Thursday, June 27, 2013

Shark Feeding - Part deux!

Helen and Fiji Bull Shark - pic by Michael Sealey of Biodiversidad Ibérica

Bless Helen!

Here is the second installment of her post.
I could not agree more - including the fact that there is a local effect, this however not so much precipitated by the bait that is actually all being eaten and mostly leaving Shark Reef in the stomach of the Bulls.which do not reside there. For them, those Tuna heads are just a snack, and not very nutritious at that, and I have no doubt that they continue to prey naturally and fulfill their ecological role in their habitat.
Like I said elsewhere, we are very mindful of our impact and have completely stopped any indiscriminate dumping of bait a long time ago. As a consequence, the composition of the Fishes has changed from a rather low species count of 260 that was being dominated by small scavengers and predators, to now 480+  that is highly representative of any (non-fished) fringing reef along one of Fiji's principal islands.

The effects I detect are more behavioral.
Juerg is writing a paper on the subject, so I don't want to preempt his findings on the subject, the more as I'm yet to see any draft. 
But apart from the obvious conditioning whereby we are actively teaching our Sharks to behave in certain ways, I believe that I'm observing inter-specific aggression all the way to competitive exclusion among the various Sharks. And also believe that we've interfered with the diel patterns of at least the Whitetips that are usually crepuscular but on Shark Reef, leave their hidey holes to come and feed at midday. 
But at this stage, I'm obviously speculating, and Juerg will also need to answer the question of so what - even if there's an effect, does that necessarily mean that it is bad?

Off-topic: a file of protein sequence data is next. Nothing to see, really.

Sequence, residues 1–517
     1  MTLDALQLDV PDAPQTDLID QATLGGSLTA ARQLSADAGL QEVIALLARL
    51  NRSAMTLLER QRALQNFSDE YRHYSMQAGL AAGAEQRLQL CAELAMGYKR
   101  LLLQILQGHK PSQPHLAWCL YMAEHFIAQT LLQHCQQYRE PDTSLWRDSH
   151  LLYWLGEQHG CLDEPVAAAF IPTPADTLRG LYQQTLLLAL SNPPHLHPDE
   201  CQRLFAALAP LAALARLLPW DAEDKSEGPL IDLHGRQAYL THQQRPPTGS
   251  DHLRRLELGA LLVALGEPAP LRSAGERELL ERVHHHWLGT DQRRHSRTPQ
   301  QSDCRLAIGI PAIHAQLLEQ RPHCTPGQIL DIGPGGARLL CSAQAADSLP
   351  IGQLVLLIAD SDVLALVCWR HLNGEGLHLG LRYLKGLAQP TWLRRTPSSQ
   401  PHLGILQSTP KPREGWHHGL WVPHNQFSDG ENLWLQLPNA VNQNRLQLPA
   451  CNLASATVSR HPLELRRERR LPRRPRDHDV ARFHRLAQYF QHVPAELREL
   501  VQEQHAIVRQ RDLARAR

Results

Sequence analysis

Anyway, thank you Helen!
Her endorsement is far from trivial.
For years, Shark provisioning has been the target of much skepticism from researchers and NGOs alike, and only recently do I detect a slight shift in positions away from outright hostile to at least benevolently intrigued. This is largely due to the realization that baited Shark tourism, whilst certainly presenting its specific challenges (especially when conducted poorly!) is never the less  years ahead of the alternative = Shark fishing. 
And recent research is also showing that whilst local, hitherto unqualified and unquantified effects persist, effects at large temporal and spatial scales are negligible. 

Sharks, it appears, are just different.
Whilst bony Fishes show all the typical negative effects of conditioning that lead to the well known numerous bites by Groupers, Moray Eels all the way to those notorious swarms of pesky Sergeant Majors, Sharks simply don't do that - that is, provided that who feeds them does so responsibly, see the reports about beggar Sharks from, say, Tiger Beach!

Long story short?
Come and see for yourselves - this is still the top season for high numbers!

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